I was nineteen years old, just about to begin my sophomore year in college, when the terrorist attacks of 9/11/01 occurred. I was most certainly getting into philology. But the war which was shortly to begin, and pick up significantly during my junior year when the US invaded Iraq, was something I was barely conscious of. I didn’t go to a prestigious school for undergrad, a place full of rich people. I was at the University of Cincinnati. But it made no difference, I was totally isolated from the conflicts, nobody talked about them except as a reason for despising the president.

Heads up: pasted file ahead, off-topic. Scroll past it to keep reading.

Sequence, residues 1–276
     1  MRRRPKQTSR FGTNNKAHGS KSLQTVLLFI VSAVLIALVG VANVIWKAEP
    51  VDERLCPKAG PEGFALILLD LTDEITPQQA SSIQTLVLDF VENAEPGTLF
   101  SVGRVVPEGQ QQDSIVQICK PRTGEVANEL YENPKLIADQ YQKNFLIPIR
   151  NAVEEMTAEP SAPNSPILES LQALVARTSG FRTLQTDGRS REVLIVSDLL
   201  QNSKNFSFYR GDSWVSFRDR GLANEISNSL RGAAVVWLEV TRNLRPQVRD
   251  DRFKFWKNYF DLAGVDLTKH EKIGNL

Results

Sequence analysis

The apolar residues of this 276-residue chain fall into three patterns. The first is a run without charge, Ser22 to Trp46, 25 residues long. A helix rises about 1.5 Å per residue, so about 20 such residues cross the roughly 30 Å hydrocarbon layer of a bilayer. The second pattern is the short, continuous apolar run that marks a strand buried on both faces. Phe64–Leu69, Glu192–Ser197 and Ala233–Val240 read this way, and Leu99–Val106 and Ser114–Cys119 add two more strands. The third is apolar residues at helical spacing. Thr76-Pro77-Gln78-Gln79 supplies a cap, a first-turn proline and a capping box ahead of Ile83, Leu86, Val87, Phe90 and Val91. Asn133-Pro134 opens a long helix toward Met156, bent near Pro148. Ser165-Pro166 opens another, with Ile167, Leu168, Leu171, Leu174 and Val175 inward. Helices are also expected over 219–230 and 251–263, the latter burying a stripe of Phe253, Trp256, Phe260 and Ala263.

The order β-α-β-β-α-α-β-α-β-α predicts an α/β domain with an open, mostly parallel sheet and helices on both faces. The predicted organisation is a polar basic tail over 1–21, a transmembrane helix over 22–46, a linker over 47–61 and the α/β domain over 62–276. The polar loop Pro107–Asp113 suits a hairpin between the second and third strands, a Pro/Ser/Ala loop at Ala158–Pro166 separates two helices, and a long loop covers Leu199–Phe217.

As is the case with many people roughly my age, both my grandfathers fought in the Second World War. I grew up hearing their stories of the war — and their silences, when they came to that of which they could not speak. I was very interested in military history when I was a boy, and I spent a lot of time studying it in all of its phases, from antiquity to the present. In America of course military history does not extend beyond the advent of firearms, but I was always most interested in pre-modern warfare. I encountered plenty of it in fantasy, which genre, for reasons I’d like to talk about soon, does not mix well with gunpowder.